Thursday's papers are as mixed as the weather on an autumn day, with Brexit, free speech at universities and blackmail accusations against the FA's chief executive featuring on the front pages.
The Daily Telegraph runs with a story about Britain's continuing negotiations on leaving the European Union ahead of Theresa May meeting EU leaders in Brussels.
The paper reports a letter has been signed by leading Brexiteers saying Mrs May must feel able to call time on the talks if European politicians do not agree to further trade talks.
Brexit also features on the front of the Times with the paper saying Britain is facing an increased divorce bill to pay for EU pensions. The paper also reports that universities will no longer be able to adopt the practice of "no platforming", where controversial speakers are not allowed to air their views.
And completing a Brexit hat-trick is the Metro - which reports on Theresa May saying she will make it as "easy as possible" for EU nationals currently living in the UK to remain after the UK leaves the union.
The Guardian reports that leading staff at the Football Association are being urged to resign after chief executive Martin Glenn was accused of "behaviour bordering on blackmail".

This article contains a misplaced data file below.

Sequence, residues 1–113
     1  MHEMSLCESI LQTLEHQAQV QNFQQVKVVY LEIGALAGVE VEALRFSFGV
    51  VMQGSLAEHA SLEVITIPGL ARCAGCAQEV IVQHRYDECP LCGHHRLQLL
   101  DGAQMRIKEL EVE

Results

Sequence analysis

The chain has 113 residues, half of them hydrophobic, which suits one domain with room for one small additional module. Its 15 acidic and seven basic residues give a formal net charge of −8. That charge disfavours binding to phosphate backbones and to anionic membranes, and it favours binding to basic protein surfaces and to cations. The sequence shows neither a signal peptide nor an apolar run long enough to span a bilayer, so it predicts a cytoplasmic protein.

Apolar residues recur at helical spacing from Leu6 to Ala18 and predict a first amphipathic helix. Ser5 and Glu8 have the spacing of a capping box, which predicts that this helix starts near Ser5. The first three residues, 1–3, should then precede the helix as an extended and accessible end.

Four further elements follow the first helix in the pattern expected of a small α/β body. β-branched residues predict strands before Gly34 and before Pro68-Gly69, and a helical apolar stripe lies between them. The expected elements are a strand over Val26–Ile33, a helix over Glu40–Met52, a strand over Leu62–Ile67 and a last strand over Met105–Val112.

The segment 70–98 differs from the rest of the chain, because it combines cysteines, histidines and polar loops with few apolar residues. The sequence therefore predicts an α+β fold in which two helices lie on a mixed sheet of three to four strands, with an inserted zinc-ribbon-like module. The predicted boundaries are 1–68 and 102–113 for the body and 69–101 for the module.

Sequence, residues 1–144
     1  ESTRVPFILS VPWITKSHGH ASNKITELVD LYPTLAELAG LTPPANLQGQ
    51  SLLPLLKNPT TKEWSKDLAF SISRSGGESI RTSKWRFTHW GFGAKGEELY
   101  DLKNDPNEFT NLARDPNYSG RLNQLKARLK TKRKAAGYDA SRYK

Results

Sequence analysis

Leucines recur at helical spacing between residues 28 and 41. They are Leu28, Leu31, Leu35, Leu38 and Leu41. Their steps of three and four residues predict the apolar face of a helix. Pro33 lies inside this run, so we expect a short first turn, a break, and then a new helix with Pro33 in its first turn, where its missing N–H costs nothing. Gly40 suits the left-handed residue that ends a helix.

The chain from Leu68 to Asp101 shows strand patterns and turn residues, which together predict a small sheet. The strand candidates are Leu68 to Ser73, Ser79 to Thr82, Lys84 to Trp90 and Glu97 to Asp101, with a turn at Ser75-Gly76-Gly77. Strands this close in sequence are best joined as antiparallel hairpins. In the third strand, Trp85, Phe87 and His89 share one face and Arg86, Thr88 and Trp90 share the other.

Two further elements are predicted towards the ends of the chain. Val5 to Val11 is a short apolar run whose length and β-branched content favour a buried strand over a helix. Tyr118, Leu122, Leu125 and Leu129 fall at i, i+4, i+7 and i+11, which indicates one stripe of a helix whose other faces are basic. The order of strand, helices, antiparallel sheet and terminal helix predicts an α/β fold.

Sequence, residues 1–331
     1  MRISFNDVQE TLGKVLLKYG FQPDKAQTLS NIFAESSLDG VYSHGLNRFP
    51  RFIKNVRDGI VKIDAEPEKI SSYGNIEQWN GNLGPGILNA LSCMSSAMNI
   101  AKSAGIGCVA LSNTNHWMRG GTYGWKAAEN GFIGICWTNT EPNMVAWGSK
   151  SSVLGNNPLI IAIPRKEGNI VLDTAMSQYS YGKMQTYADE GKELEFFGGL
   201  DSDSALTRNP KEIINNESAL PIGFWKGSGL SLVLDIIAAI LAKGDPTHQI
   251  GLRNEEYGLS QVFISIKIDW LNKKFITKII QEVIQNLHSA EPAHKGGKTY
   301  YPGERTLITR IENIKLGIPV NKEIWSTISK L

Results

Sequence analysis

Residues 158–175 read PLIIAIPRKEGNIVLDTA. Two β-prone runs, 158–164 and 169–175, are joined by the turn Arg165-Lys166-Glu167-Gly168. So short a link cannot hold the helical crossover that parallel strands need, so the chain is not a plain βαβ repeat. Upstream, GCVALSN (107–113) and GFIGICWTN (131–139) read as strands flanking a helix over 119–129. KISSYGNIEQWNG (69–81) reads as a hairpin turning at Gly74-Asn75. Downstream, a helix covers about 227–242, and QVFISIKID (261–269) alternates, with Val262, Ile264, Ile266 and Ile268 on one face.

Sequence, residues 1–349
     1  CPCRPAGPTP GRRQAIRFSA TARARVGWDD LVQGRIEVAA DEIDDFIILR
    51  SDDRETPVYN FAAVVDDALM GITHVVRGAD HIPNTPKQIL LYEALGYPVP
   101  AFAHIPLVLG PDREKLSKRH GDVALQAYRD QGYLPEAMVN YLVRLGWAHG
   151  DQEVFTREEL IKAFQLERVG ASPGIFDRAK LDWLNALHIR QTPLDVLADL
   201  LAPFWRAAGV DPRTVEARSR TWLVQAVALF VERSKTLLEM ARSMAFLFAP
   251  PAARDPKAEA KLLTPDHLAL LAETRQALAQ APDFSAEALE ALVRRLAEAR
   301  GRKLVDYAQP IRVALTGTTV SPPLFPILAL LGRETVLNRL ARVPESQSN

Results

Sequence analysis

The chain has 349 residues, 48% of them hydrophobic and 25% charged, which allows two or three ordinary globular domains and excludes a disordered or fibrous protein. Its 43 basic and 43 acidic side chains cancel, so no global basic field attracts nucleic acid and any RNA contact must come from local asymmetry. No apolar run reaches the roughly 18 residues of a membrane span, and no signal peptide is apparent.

The Sun leads on a story about Sir Richard Branson reportedly trying "to chat up" Jenson Button's future wife. The paper said the Formula One star told the Virgin tycoon "that's well out of order".
The story of Max Johnson - who was given a heart transplant - is on the front of the Mirror, with his parents thanking the donor and saying their boy is "looking after his new heart".
The financial health of the nation is making the headlines in the Financial Times which reports that millions of people are borrowing from friends or family.
Meanwhile, the Independent reports the police are advising Kensington and Chelsea Council not to release some correspondence about fire risks at Grenfell Tower.